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Plant J. 2017 Jun;90(6):1196-1207. doi: 10.1111/tpj.13529. Epub 2017 Apr 29.

Identification of the phosphorylation targets of symbiotic receptor-like kinases using a high-throughput multiplexed assay for kinase specificity.

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Department of Agronomy, University of Wisconsin, 1575 Linden Drive, Madison, WI, 53706, USA.
Department of Chemistry, University of Wisconsin, 1101 University Avenue, Madison, WI, 53706, USA.
Genome Center of Wisconsin, University of Wisconsin, 425 Henry Mall, Madison, WI, 53706, USA.
Department of Biomolecular Chemistry, University of Wisconsin, 420 Henry Mall, Madison, WI, 53706, USA.
Department of Bacteriology, University of Wisconsin, 1550 Linden Drive, Madison, WI, 53706, USA.


Detecting the phosphorylation substrates of multiple kinases in a single experiment is a challenge, and new techniques are being developed to overcome this challenge. Here, we used a multiplexed assay for kinase specificity (MAKS) to identify the substrates directly and to map the phosphorylation site(s) of plant symbiotic receptor-like kinases. The symbiotic receptor-like kinases nodulation receptor-like kinase (NORK) and lysin motif domain-containing receptor-like kinase 3 (LYK3) are indispensable for the establishment of root nodule symbiosis. Although some interacting proteins have been identified for these symbiotic receptor-like kinases, very little is known about their phosphorylation substrates. Using this high-throughput approach, we identified several other potential phosphorylation targets for both these symbiotic receptor-like kinases. In particular, we also discovered the phosphorylation of LYK3 by NORK itself, which was also confirmed by pairwise kinase assays. Motif analysis of potential targets for these kinases revealed that the acidic motif xxxsDxxx was common to both of them. In summary, this high-throughput technique catalogs the potential phosphorylation substrates of multiple kinases in a single efficient experiment, the biological characterization of which should provide a better understanding of phosphorylation signaling cascade in symbiosis.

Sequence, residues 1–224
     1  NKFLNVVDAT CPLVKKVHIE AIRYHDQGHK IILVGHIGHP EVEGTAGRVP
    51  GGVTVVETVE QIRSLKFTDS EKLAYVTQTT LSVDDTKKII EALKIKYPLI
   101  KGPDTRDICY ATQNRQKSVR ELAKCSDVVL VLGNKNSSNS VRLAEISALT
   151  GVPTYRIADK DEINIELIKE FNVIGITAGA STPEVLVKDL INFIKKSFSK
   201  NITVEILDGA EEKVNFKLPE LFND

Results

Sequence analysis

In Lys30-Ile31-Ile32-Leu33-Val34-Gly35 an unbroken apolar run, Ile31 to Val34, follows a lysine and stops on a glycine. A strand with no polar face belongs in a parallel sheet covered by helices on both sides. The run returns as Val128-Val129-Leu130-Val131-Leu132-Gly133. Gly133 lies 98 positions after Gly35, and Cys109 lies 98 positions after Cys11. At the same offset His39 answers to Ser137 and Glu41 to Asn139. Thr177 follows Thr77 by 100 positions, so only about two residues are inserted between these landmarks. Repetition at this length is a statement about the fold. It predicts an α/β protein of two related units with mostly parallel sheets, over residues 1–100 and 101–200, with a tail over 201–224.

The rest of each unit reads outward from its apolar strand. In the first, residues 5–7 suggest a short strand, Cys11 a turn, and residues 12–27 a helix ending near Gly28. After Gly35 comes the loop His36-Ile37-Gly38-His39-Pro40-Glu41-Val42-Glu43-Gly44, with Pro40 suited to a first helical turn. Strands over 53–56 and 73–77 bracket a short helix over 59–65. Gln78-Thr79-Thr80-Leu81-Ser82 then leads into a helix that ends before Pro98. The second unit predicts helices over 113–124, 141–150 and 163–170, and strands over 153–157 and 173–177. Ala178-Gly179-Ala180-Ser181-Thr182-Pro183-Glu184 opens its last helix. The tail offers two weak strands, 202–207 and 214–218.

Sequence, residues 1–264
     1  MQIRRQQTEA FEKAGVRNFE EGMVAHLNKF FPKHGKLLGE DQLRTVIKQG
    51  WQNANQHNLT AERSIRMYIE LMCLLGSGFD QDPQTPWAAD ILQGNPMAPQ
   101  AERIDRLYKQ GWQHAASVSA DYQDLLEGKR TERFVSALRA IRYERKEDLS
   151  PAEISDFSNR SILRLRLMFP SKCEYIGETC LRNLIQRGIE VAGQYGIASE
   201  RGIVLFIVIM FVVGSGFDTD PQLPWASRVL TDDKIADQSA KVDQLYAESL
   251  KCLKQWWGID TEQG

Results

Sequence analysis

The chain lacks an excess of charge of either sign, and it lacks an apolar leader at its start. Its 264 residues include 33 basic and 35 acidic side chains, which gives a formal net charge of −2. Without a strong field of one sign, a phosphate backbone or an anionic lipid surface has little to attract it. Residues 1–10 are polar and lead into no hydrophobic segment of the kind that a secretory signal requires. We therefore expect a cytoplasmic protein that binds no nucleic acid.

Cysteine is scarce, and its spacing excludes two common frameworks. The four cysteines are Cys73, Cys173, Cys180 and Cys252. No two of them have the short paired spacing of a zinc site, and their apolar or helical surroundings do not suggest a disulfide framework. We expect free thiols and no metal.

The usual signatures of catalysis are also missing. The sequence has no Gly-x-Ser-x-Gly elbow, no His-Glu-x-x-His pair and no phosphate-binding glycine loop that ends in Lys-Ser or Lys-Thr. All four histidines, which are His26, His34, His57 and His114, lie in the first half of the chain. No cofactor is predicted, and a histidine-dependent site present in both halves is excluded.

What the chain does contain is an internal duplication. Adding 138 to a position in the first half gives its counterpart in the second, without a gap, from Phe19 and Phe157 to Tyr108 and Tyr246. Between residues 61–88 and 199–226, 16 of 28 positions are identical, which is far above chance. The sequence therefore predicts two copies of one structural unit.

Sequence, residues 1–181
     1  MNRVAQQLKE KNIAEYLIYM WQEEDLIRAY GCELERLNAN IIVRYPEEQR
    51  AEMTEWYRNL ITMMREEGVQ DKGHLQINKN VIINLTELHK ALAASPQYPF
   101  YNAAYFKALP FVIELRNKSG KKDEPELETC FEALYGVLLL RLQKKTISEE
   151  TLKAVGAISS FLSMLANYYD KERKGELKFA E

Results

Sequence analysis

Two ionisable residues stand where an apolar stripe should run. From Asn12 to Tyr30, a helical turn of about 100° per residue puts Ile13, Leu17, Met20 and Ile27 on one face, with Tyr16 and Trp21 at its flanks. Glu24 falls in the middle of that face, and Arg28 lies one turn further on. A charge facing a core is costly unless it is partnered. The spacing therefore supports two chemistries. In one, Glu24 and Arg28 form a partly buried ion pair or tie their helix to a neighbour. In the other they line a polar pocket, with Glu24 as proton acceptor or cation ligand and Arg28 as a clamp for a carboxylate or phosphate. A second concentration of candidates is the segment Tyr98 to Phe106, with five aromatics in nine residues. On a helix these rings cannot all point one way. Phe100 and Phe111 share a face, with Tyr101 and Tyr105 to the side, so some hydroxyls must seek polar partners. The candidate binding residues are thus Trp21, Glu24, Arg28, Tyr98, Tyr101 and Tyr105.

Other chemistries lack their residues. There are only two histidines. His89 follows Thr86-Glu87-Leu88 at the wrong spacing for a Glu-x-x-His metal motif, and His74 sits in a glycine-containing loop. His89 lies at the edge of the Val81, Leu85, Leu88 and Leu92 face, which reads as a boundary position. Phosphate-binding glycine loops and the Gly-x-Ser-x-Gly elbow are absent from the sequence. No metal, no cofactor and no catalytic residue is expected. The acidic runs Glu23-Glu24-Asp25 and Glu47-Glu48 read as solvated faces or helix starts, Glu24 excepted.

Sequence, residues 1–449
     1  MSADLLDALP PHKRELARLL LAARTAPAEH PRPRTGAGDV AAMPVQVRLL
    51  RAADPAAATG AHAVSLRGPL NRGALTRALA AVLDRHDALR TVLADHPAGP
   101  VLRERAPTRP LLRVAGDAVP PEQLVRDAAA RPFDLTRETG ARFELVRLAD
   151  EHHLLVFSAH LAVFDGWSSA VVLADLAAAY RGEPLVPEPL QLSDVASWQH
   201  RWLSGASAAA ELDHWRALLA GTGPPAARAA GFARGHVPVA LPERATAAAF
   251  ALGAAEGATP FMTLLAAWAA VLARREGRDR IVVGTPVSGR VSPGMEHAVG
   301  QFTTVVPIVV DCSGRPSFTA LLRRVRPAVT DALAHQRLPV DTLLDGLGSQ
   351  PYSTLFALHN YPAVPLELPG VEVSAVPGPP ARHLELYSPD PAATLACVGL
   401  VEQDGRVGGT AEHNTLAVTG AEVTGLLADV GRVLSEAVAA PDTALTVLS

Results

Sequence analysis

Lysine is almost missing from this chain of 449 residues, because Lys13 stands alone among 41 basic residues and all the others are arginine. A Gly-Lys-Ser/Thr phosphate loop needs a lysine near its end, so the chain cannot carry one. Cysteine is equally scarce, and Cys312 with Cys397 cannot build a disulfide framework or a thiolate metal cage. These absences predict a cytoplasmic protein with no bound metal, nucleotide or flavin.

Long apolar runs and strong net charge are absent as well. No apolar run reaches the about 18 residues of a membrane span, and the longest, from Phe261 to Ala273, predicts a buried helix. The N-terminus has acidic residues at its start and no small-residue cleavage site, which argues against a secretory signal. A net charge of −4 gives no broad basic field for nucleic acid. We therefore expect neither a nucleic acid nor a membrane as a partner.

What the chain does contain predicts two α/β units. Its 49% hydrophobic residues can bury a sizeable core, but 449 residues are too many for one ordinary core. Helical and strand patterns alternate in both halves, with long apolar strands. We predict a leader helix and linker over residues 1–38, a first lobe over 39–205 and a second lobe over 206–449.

IMAC ; Medicago truncatula ; kinase assay; protein phosphorylation; signaling; symbiosis; tandem mass spectrometry; technical advance

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